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The Beehive: The honey harvest is in; color varieties are up to the bees

The cut honeycomb containers are stacked and ready for sale. (Brett Kent / For the Enterprise)1 / 3
This is a solar wax melter. The wax runs down into a rubber pan, drained through a cheesecloth. (Brett Kent / For the Enterprise)2 / 3
Beeswax blocks and candles the Kents have made out of beeswax. (Brett Kent / For the Enterprise)3 / 3

Welcome back to the 9th installment of the Beehive. Life on the Bee Farm has been very hectic. So hectic, that I forgot to write my column. If this were my day job, I would have been in big trouble. Not sure, what the consequences are going to be for missing my "go to print time." So, if you don't hear from me ever again, you know what happened.

We finally finished extracting the honey. Everything went well and we have lots. We had a little twist this year from one of our bee yards, which is located northwest of Menahga. The honey we harvested from there was relatively dark.

That surprises me, because it was not dark last year. I am not sure what changed, because the cropland, which is mostly alfalfa and pastureland, stayed the same. It proves me right one more time, when I proclaimed that the bees are in charge.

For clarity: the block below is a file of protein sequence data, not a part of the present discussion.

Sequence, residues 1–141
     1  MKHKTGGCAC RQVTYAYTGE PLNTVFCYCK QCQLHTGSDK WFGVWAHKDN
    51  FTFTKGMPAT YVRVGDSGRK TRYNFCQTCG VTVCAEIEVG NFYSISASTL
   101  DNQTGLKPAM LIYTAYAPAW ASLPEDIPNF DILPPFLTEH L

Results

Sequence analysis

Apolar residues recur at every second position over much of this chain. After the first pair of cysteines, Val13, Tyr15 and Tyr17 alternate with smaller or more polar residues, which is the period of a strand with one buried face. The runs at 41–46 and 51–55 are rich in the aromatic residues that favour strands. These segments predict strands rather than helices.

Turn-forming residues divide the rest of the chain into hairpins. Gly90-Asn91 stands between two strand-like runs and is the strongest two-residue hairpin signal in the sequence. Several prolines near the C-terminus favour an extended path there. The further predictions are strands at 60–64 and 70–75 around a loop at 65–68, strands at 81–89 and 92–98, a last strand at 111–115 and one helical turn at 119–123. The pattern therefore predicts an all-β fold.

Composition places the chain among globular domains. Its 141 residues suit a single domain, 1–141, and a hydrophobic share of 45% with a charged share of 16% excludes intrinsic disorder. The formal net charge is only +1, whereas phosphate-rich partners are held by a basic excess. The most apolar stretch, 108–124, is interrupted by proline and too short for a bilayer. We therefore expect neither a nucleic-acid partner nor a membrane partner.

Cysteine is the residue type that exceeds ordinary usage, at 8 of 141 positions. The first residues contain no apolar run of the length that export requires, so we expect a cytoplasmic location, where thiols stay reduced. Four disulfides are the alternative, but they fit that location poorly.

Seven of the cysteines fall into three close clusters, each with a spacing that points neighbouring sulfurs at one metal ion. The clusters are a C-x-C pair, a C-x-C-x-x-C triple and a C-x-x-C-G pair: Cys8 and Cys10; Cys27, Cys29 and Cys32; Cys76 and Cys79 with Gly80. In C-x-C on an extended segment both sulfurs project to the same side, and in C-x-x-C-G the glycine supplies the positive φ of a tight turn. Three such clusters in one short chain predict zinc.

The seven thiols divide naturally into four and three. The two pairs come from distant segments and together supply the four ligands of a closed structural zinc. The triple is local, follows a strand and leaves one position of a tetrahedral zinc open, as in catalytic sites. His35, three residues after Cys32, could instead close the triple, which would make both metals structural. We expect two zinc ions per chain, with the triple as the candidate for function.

It does give us an opportunity to offer one more choice to you, our customers, of our new dark honey, to go along with our proven great tasting light honey. Also for the first time in our beekeeping adventures, we were able to harvest some cut comb honey.

People love to take a chunk of honeycomb and chew it like honey-flavored gum. This is packaged in four-by-four-inch blocks of honeycomb. We have a limited honeycomb supply this year, but we should be on track to increase our supply next season.

People often ask me what we do with all the bees wax from the cappings. So far, we have been developing a method to purify the beeswax. We have a system in place now, and we are able to refine the beeswax into 3- or 4-pound blocks.

Our customers have approached Brenda and me looking to purchase some beeswax, to use it for sewing, for waxing zippers, and even for waxing some area on bagpipes. Beeswax is also made into lip balms and lotions. Here's a few beeswax bee facts. It is estimated that the bees have to fly 150,000 miles to produce one pound of wax.

Bees have to consume 6 pounds of honey to secret one pound of wax. Lastly, a bee farmer harvests approximately 100 pounds of honey for every 1 pound of wax.

Therefore, here is how we get the beeswax into useable condition. We take the cappings, which are full of foreign materials, like dead bees, honey, propalis, etc. and we let the bees feed in there until they get all the honey out. Then I put the cappings in a solar wax melter that I built. As the sun melts the wax, it runs down through some cheesecloth and into a rubber bread pan. We remelt the wax several times until it is in useable condition.

Thanks for your interest.

Editor's Note: Everyone misses a deadlines occasionally. But all is forgiven.